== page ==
C. H. Mackintosh

Charles Henry Mackintosh’s life was as colorful as his writing. He was born in Glenmalure Barracks, County Wicklow, Ireland, in October, 1820. His father was a captain in the Highlanders’ Regiment, and had served in Ireland during the Rebellion. His mother was a daughter of Lady Weldon, and of a family long settled in Ireland. At the age of eighteen, the young man experienced a spiritual awakening through letters received from his sister after her conversion. He found peace after reading J. N. Darby’s “Operations of the Spirit.” He was especially helped by the thought that “It is Christ’s work for us, not His work in us, that gives peace.”

Entering a business house in Limerick, the young Christian gave attention to academic studies. When he was twenty-four years of age, he opened a private school at Westport in 1844. He threw himself enthusiastically into educational work, but in 1853, concerned that the school was consuming his life, he gave it up in order to devote himself to the ministry of the Word.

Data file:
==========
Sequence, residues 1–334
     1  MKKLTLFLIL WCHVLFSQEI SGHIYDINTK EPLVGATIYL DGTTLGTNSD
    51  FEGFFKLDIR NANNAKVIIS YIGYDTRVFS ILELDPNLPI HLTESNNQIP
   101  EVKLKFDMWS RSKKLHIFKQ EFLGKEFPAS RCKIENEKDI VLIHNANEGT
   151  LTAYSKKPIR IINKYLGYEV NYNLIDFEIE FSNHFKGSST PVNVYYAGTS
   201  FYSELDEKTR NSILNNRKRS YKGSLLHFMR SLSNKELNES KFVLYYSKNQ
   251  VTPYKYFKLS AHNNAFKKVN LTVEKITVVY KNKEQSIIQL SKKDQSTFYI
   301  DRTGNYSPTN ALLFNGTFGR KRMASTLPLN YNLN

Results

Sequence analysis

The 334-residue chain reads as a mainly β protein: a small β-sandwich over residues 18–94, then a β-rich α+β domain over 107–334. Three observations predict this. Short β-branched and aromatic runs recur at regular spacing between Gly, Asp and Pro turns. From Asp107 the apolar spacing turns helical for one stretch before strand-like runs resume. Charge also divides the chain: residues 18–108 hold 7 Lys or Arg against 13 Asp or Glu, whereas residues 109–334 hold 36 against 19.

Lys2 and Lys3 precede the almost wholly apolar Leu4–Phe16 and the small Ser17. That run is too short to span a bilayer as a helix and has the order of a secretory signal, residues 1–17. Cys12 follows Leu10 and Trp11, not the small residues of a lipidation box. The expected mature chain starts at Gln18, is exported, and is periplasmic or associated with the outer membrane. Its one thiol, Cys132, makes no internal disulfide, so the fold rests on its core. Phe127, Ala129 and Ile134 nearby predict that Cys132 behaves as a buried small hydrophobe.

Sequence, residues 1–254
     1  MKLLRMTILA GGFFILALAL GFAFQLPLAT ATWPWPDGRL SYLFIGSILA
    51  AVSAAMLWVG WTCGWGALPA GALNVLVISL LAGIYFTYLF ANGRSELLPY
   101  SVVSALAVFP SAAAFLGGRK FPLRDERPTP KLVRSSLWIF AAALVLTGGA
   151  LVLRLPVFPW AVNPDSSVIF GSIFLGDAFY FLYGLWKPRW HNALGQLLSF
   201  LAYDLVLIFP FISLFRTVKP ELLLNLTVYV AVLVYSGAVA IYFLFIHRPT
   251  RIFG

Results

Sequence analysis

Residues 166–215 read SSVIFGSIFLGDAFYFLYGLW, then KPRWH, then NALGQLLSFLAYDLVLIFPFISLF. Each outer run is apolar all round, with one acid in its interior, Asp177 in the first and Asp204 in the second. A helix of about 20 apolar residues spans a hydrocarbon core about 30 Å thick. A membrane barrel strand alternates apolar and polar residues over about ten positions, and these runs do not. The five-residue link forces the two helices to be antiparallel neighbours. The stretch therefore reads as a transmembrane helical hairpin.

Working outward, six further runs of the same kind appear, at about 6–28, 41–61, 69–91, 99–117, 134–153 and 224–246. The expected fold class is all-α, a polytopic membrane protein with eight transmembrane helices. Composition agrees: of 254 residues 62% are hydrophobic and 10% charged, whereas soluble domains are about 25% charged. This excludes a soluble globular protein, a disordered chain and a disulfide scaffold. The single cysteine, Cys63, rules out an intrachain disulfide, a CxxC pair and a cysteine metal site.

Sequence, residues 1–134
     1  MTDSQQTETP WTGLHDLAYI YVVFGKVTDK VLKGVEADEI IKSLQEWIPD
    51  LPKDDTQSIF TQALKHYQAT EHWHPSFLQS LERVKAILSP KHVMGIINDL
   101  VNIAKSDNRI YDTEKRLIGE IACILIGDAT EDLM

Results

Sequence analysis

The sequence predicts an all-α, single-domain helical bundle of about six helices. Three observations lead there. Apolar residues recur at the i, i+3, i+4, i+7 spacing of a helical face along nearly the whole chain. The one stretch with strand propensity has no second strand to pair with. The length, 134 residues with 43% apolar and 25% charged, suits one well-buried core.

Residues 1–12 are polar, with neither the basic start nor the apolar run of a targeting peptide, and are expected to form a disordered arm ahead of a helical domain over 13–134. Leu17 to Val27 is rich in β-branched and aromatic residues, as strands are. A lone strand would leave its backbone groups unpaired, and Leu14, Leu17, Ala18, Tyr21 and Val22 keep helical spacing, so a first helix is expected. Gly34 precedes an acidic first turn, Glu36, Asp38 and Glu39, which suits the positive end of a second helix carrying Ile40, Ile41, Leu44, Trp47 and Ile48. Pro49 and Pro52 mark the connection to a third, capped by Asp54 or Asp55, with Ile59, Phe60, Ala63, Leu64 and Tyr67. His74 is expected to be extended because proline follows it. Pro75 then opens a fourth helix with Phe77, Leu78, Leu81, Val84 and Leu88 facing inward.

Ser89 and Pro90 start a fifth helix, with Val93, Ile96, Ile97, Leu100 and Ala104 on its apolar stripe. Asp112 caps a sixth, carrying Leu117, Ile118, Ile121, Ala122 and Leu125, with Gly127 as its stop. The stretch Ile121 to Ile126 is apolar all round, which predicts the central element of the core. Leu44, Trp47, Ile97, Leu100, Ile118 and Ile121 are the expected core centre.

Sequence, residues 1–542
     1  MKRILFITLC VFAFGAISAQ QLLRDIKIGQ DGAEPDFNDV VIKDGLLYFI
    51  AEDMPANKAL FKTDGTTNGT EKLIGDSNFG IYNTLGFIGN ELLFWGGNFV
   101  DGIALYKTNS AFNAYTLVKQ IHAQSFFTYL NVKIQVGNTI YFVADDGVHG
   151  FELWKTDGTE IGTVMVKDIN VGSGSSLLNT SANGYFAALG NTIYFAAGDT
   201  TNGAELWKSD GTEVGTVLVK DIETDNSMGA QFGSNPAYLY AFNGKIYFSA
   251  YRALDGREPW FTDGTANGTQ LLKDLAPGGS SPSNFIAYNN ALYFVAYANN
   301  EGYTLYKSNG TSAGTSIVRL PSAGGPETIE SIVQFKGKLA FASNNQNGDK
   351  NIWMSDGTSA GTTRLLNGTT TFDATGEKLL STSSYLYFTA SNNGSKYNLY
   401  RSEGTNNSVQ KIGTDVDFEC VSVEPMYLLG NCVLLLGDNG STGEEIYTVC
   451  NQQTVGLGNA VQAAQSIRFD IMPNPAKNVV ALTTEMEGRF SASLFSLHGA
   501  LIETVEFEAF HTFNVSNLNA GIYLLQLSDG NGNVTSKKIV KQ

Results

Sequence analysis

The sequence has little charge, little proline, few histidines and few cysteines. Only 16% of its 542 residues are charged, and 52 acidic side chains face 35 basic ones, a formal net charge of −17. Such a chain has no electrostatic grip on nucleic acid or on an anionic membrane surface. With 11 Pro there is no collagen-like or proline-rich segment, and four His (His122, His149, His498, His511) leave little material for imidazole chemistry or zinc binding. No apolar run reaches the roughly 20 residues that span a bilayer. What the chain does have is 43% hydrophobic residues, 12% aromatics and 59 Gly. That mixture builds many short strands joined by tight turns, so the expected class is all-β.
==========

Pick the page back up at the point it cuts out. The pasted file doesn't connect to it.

In 1858, C.H.M. began editing a magazine called Things New and Old, a monthly magazine for the lambs and sheep of the flock of Christ. He continued to edit the magazine for twenty-one years, until Charles Stanley took it over. The articles which became C.H.M.’s Miscellaneous Writings and his Notes on the Pentateuch were originally published in Things New and Old. He wrote to be understood, and his written works have been a benediction around the world. D. L. Moody warmly recommended them as invaluable. He declared his indebtedness for help in understanding the Word of God, saying, “It was C. H. Mackintosh who had the greatest influence.”